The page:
Easyjet today saw total revenue shrink nearly 90 per cent for the first quarter as the coronavirus pandemic showed no signs of abating.
The budget carrier started the new financial year as it finished the last one, with revenue slumping to a mere £165m for the three month period.
The plunge was announced a day after the government announced a new raft of border measures to control the spread of the infection.
Passengers from around 25 countries deemed high-risk will be forced to quarantine in hotels for 10 days.
Chief executive Johan Lundgren said that he’d rather see such a targeted set of restrictions than a blanket ban.
Lundgren also predicted a demand explosion in the summer if restrictions were lifted, and called on the government to waive Air Passenger Duty (APD) to give passengers further incentives to travel.
As a result of travel bans and lockdown measures, Easyjet flew just 2.8m passengers over the last quarter, down 88 per cent on last year.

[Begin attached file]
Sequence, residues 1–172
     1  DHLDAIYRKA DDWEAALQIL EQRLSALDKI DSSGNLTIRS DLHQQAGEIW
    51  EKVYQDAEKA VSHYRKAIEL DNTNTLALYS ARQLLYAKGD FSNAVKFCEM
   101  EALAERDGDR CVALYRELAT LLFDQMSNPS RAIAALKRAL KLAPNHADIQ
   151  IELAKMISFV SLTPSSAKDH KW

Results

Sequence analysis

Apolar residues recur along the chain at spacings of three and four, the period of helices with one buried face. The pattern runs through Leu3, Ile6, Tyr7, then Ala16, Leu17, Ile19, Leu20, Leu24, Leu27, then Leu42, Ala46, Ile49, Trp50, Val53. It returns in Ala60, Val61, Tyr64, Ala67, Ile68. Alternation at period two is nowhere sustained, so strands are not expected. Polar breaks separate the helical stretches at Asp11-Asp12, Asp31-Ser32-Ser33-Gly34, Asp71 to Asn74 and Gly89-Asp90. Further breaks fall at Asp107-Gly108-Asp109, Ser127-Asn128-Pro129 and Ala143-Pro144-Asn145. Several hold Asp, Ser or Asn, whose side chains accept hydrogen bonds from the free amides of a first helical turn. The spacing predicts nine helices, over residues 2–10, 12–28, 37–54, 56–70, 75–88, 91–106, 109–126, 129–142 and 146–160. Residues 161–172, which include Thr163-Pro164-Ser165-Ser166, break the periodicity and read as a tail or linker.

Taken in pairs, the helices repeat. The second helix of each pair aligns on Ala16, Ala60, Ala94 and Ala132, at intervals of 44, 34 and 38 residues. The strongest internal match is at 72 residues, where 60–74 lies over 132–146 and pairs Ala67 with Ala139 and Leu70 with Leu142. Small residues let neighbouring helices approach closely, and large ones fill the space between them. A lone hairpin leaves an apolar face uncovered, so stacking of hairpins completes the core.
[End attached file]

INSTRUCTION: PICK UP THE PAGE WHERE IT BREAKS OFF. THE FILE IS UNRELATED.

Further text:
Just 152 of the carrier’s 318 planes were in operation, meaning Easyjet incurred a headline cost of £588m.
Shares in the carrier dropped 2.3 per cent as markets opened this morning.
Easyjet to fly at just 10 per cent of capacity in Q2
With new lockdown measures in place across Europe, the carrier said it was not expecting to fly at more than 10 per cent of capacity over the next quarter.
Despite a dire 12 months, the airline said it still had liquidity of £2.5bn, propped up by sales and leaseback agreements for its planes worth over a billion.
In order to protect its balance sheet, it has cut costs so that it is now burning just £40m in cash a week.
And the carrier said it was well placed to expand its presence at main European airports such as Gatwick when travel returns.
Having gained extra slots at the Sussex airport from the downsizing Norwegian, Easyjet will operate four more planes from the base in 2021.
It said that the departure of legacy carriers from the market had left an opening for it to jump into.
Johan Lundgren said: “We have taken the right actions to emerge leaner with a reduced cost base and the retrenchment of legacy carriers at key airports will provide additional opportunities for easyJet.
“The key to unlocking travel is going to be the vaccination programmes combined with governments progressively removing restrictions when it is safe to.”